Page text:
Comparative Literature | Major Themes in Literature: Deception
C146 | 1200-1209 | supervisor: Marc Caplan

Topic: Deception
Above section meets COAS A & H requirement and satisfies COAS Cultural
Studies requirement.

1200, MWF 9:05-9:55, WH 104: Charles McKibben
1201, MWF 10:10-11:00, WH 109: Erin Plunkett
1202, MWF 11:15-12:05, KH 212: Diana Dunkelberger
1203, MW 11:15-12:30, KH 312: Heather Haffner
1204, MWF 1:23-2:15, BH 217: Caroline Fache
1205, MW 4:00-5:15, BH 305: Larissa Privalskaia
1206, TR 8:00-9:15, BH 146: Theodore Bouabre
1207, TR 2:30-3:45, BH 244: Marc Caplan
1208, TR 2:30-3:45, BH 319: Sarah Dilworth
1209, TR 2:30-3:45, KH 212: James Rasmussen

Given the current popularity of heist movies, conspiracy theories, and
Internet get-rich-quick schemes, one might think that "the con" is a
particularly contemporary, particularly American theme. In fact, each
of these varieties of deception reflects storytelling traditions
dating back to ancient times; underneath these modern-day phenomena
lurk tricksters, tales of hidden power, and the seductive allure of
magic and transgressive temptations. How have different cultures and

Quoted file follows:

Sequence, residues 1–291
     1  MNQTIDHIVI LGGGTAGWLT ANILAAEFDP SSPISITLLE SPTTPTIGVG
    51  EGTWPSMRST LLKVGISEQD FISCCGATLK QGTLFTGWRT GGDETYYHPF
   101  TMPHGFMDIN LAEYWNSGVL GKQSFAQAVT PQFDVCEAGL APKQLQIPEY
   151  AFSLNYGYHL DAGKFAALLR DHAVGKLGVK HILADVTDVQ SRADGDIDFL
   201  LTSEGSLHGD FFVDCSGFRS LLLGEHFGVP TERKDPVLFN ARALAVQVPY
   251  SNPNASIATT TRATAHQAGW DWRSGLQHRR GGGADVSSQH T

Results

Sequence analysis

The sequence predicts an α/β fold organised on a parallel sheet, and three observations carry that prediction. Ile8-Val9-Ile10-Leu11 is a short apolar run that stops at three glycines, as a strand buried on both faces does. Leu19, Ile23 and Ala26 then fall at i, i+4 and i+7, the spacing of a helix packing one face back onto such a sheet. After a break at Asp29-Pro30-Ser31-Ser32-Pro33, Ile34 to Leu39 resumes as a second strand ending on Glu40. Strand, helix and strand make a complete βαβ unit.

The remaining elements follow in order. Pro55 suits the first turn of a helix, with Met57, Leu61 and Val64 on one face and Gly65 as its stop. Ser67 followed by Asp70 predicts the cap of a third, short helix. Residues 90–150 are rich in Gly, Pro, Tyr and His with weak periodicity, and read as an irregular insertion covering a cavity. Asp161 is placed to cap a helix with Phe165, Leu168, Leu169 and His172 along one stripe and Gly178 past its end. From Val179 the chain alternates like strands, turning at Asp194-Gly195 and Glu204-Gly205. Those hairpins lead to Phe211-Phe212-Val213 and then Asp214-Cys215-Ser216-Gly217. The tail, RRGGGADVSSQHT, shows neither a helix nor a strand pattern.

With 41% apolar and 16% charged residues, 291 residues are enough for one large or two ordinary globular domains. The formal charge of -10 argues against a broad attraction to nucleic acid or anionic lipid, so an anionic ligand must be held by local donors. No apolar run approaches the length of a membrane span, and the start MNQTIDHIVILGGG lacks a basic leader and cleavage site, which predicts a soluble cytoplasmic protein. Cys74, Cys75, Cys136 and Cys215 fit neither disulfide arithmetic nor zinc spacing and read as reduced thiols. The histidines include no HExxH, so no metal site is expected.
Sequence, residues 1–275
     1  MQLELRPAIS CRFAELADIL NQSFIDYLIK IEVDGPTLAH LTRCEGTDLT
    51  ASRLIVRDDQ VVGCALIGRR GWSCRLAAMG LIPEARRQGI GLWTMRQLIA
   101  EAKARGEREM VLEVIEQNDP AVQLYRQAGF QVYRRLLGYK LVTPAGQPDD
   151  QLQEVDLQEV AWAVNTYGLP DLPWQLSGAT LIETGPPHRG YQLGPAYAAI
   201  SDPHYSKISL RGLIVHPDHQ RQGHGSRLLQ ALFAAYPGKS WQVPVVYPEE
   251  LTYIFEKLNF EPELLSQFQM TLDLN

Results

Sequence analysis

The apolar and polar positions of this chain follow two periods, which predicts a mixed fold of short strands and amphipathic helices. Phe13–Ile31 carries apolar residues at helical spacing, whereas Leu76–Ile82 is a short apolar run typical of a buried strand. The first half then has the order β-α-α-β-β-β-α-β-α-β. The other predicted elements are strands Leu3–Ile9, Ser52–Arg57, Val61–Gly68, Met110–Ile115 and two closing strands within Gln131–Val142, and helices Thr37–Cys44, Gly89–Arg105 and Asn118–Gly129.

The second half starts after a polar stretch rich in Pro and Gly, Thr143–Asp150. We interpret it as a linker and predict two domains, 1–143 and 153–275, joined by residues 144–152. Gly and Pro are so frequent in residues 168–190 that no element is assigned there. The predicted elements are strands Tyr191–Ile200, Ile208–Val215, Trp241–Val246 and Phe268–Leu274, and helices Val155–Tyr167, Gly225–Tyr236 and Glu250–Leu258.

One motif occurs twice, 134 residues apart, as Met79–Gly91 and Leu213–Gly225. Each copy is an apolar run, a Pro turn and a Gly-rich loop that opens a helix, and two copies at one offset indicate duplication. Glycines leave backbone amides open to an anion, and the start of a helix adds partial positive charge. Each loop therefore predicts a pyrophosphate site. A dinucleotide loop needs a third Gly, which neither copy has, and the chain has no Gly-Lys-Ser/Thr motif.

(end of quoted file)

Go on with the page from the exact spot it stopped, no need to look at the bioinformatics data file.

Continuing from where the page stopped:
historical eras dealt with the problems of truth and falsehood? How do
con-men and bunko artists undermine the stability of social relations?
Why do we sometimes prefer interesting lies over sedate truths? Why is
the grifter a figure of romance and intrigue? What is the difference
between con-artists and "self-made" individuals? How, finally, does
the act of storytelling itself--convincing an audience to believe
something that never happened--focus our attention on the problem of
deception? This course will explore the depiction of lies and the
lying liars who tell them in a variety of literary genres, ranging
from the Bible and Classical Epic to contemporary writers from around
the world. Course requirements include three essays, two exams (mid-
term and final), short writing assignments, and regular attendance and